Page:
Meunière (pronounced /mɜrniˈɛər/ (UK) or /mʌnˈjɛər/ (US), original French [mønjɛːʁ]) refers to both a sauce and a method of preparation. The word itself means “female miller”. Thus to cook something à la meunière was to cook it by first dredging it in flour. A meunière sauce is a simple preparation — brown butter, chopped parsley, and lemon — and the name refers to its unelaborate rustic nature.
So that’s wikipedia’s explanation. My explanation is meuniere = buttery deliciousnessness. Although I’m pretty sure that’s redundant, as how can you have butter and not have deliciousness? And what does “female miller” even mean?
Anyway, fresh dover sole was on sale last week at Central Market so I decided to pick it up, and figure out a recipe based on the ingredients I had at home. Cream? check. Butter? check. Flour? check.
And this recipe was easy enough. Honestly, I’m not sure sole is my favorite fish, but I would definitely recreate this recipe again with any other firm white fish.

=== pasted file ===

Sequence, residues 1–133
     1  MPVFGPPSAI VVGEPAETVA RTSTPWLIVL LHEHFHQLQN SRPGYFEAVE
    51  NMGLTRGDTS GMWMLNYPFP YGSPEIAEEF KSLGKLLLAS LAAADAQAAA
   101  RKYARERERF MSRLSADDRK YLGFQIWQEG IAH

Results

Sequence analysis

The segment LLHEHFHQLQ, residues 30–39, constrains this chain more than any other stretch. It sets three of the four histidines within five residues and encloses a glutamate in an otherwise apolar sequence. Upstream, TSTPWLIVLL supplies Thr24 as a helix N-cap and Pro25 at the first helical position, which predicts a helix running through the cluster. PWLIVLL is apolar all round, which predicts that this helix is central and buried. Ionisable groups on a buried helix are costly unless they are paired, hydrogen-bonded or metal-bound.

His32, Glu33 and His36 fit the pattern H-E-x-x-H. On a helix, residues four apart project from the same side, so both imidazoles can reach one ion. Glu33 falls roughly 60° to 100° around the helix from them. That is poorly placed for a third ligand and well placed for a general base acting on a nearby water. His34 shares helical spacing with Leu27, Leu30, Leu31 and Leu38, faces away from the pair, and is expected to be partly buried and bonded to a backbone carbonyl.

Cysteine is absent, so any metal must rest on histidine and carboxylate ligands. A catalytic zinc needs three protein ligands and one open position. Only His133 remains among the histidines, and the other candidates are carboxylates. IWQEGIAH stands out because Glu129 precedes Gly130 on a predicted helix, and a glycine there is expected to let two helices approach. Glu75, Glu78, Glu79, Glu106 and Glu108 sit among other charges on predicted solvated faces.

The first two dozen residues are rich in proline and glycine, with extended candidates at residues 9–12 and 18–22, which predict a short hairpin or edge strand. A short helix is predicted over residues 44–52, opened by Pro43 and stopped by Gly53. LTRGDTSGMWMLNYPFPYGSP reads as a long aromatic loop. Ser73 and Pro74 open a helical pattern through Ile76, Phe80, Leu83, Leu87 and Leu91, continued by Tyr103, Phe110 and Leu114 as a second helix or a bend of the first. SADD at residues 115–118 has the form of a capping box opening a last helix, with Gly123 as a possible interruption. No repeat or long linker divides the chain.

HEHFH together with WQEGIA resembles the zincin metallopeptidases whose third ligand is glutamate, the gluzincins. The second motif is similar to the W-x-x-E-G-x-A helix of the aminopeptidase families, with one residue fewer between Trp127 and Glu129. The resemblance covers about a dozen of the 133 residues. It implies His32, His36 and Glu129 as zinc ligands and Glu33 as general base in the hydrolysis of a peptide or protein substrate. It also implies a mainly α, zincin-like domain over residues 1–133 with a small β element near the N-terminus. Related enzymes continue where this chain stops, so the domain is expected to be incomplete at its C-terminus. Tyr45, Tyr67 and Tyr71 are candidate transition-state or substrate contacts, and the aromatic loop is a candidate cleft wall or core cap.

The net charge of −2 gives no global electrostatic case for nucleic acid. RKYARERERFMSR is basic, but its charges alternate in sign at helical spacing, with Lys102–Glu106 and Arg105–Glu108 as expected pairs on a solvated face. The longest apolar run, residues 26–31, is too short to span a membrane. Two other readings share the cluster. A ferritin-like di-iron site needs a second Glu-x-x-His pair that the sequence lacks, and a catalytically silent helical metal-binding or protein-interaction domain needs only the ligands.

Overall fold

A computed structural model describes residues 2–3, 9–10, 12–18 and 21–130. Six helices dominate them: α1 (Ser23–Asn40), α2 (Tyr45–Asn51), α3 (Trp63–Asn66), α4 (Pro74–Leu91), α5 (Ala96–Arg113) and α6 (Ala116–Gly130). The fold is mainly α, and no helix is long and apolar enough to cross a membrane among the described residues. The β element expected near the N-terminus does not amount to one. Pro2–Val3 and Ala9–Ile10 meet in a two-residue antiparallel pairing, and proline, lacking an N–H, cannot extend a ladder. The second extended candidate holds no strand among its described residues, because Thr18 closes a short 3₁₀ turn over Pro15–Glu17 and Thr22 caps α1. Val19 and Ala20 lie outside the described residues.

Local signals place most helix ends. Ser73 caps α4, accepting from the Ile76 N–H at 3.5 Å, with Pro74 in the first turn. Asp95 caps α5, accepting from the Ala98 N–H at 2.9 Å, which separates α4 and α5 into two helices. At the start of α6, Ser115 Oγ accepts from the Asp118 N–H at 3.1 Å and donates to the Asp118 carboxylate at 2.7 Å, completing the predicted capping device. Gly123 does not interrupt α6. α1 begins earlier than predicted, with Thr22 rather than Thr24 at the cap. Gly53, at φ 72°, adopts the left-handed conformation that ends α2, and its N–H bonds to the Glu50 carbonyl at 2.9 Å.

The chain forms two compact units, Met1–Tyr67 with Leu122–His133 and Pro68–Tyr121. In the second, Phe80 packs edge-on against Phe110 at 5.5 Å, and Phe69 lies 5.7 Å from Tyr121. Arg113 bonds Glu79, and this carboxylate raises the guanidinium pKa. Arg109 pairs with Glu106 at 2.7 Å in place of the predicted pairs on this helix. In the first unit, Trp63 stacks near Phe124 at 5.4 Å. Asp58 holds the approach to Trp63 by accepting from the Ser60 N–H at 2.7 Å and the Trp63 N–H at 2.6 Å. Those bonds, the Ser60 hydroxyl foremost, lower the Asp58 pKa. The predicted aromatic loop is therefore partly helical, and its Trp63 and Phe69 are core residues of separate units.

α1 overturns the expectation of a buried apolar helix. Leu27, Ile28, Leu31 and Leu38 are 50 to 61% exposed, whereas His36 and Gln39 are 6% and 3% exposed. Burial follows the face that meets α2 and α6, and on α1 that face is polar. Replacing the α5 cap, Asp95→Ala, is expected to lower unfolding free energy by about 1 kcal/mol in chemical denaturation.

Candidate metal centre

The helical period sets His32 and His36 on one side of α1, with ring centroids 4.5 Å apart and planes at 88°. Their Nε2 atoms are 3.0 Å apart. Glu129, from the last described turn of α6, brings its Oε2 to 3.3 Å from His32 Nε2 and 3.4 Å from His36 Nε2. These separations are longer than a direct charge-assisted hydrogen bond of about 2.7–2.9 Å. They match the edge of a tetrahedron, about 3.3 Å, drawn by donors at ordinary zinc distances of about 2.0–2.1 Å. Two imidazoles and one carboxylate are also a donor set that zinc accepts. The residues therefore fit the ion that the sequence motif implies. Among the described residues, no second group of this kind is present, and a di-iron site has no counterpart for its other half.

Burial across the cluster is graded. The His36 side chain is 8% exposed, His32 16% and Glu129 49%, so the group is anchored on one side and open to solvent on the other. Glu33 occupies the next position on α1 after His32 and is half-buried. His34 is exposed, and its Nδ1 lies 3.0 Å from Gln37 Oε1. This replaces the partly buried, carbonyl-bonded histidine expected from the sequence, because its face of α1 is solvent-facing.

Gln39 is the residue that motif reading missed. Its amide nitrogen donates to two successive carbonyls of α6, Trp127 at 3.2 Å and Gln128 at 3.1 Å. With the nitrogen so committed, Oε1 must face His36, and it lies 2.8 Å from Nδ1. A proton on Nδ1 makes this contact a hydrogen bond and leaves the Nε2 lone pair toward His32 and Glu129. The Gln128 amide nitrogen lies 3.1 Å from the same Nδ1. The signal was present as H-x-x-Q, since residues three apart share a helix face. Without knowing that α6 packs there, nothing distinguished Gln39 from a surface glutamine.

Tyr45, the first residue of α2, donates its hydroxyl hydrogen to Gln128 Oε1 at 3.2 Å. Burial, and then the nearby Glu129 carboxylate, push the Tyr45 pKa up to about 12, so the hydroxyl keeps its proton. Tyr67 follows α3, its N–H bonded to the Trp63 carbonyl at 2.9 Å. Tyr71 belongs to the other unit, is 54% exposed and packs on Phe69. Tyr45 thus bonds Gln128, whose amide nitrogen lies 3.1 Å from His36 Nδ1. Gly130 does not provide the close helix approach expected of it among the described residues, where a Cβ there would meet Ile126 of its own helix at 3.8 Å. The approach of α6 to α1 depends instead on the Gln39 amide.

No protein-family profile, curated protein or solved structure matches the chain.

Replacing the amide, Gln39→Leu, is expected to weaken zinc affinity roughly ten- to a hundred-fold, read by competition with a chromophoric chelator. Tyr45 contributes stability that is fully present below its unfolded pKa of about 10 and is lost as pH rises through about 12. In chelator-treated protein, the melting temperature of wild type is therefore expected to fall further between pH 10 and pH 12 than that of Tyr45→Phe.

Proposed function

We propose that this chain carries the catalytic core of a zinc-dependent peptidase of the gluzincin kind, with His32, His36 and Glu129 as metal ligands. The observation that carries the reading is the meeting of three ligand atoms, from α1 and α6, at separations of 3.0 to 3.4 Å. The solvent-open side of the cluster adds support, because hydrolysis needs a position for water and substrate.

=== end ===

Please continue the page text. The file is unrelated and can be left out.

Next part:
Sole Meunière (adapted from Food & Wine)
2 teaspoons ground fennel
1 cup all-purpose flour
1 tablespoon kosher salt
1 teaspoon freshly ground white pepper
1/4 cup heavy cream
1/4 cup dry white wine
Four 6-ounce sole fillets
2 tablespoons canola oil
2 tablespoons extra-virgin olive oil
4 tablespoons unsalted butter
1 tablespoon drained capers
1 tablespoon red wine vinegar
1 tablespoon finely chopped flat-leaf parsley
In a shallow bowl, combine the heavy cream and white wine. Dip the sole fillets in the cream, then dredge them in a separate shallow bowl that has the whisked flour, salt & pepper and ground fennel.
In each of 2 large skillets, heat 1 tablespoon each of the canola and olive oils until they are shimmering. Add 2 sole fillets to each skillet and cook the fish fillets over high heat until they are golden brown on the bottom, about 3 minutes. Carefully turn the fillets and cook until golden brown on the outside and white throughout, 1 to 2 minutes; transfer the fish fillets to plates.
Wipe out 1 skillet and add the butter. Cook over moderate heat, shaking the skillet often, until lightly browned, about 3 minutes. Add the capers and shake the pan, then add the vinegar. Spoon the browned butter sauce over the fish, sprinkle with the parsley and serve immediately.